“Britain’s GDP declined by more than expected at the end of last year, confirming that it fell into a technical recession in the second half of 2023. We remain of the view that the outlook for 2024 is brighter — something the Bank of England has also been keen to emphasize recently.”


-Ana Andrade (economist) 

Chancellor of the Exchequer Jeremy Hunt pointed to the impact of the BOE’s efforts to increase interest rates to a 16-year high of 5.25%, saying low growth was “not a surprise.” “There are signs the British economy is turning a corner,” he said, citing low unemployment and wages that are rising faster than prices.

The ONS figures revealed that on a per-person basis the UK has been in recession since the second quarter of 2022, a downturn concealed only by record migration. GDP per head has shown no growth for seven consecutive quarters, the longest period since records began in 1955.

“This is a proper recession just being hidden by having more people,” said Torsten Bell, chief executive of the Resolution Foundation.

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In recent weeks, Sunak has urged voters to “stick with the plan,” warning that Labour leader Keir Starmer would bring the country back to “square one.” 

“The fact that we are now in recession shows his plan has failed and the Conservative Party’s run out of ideas for turning it around,” Darren Jones, Labour’s shadow chief Treasury secretary, said on Times Radio. 

Separate data released Wednesday showed that UK inflation held steady at 4% in January, defying economists’ expectations of an increase. Still, Bailey has taken a cautious approach toward cuts, with wages still rising well above a pace considered inflationary in the UK’s tight labor market. 

“The news the UK is in recession will lead to growing pressure for the Bank of England to cut interest rates,” said Nicholas Hyett, investment analyst at broker Wealth Club. “While recession is clearly bad news for the UK economy, it’s worth bearing in mind that, as recessions go, this is still a very mild one, and might yet get revised out of existence altogether.”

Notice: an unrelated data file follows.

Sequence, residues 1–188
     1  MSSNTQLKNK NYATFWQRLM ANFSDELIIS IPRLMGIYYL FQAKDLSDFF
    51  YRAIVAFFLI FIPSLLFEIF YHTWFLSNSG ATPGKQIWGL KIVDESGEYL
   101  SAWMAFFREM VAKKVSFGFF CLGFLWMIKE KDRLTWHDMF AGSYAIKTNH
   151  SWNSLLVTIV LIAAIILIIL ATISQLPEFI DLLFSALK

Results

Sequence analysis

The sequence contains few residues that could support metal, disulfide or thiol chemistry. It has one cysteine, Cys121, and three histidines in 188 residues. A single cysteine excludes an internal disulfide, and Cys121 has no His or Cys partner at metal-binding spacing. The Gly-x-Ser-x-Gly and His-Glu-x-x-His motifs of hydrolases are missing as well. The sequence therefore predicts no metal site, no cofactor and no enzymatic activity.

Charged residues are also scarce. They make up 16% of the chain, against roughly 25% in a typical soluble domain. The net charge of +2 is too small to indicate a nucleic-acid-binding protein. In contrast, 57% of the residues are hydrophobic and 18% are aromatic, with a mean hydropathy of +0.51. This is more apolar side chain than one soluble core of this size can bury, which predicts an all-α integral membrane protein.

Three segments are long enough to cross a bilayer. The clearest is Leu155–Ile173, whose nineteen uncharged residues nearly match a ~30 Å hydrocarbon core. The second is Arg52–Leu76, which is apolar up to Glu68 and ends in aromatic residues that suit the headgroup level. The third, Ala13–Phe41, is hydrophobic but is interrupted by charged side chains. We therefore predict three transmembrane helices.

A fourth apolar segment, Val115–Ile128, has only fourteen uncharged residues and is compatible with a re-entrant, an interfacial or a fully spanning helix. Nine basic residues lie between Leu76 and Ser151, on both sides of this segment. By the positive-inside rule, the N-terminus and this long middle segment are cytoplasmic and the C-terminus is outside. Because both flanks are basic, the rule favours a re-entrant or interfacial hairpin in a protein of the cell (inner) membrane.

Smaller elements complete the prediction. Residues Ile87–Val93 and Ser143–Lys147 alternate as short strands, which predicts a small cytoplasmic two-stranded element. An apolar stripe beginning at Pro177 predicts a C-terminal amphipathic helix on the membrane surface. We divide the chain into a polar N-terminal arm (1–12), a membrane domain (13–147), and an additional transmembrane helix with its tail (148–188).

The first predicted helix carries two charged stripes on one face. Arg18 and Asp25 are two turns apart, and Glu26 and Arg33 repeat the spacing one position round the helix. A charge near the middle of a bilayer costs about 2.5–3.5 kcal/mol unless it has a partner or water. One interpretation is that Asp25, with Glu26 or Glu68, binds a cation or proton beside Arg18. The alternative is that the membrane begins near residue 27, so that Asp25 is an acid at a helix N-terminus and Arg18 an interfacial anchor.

All three sectors of the economy shrank in the final quarter. Services contracted 0.2%, production 1%, and construction 1.3%, showing the downturn was broad-based. Household spending, government consumption and trade all dragged on growth.

Output per worker declined 0.6% in the fourth quarter compared to a year ago. The finance and insurance industry was the largest productivity drag in the three months to September, while administrative services and manufacturing industries made the largest upward contributions.

The ONS said that output contracted 0.1% in December, highlighting weakness in the retail sector and the industrial action taken by junior doctors. The statistics agency also downgraded its growth estimates for both October and November.

The UK economy has been hamstrung by the worst cost-of-living crisis in generations and a rapid rise in interest rates that squeezed borrowers. One bright spot was an increase in business investment, which increased 1.5% following a fall of 2.8% in the third quarter. For the year as a whole, business investment was up 6.1%.

“The elephant in the room remains unaddressed, which is that Britain’s post-Covid, post-Brexit economy is struggling to discover its joie de vivre, with growth rather anaemic compared to recent memory and against our main competitor, the Eurozone,” said Barret Kupelian, chief economist at PwC UK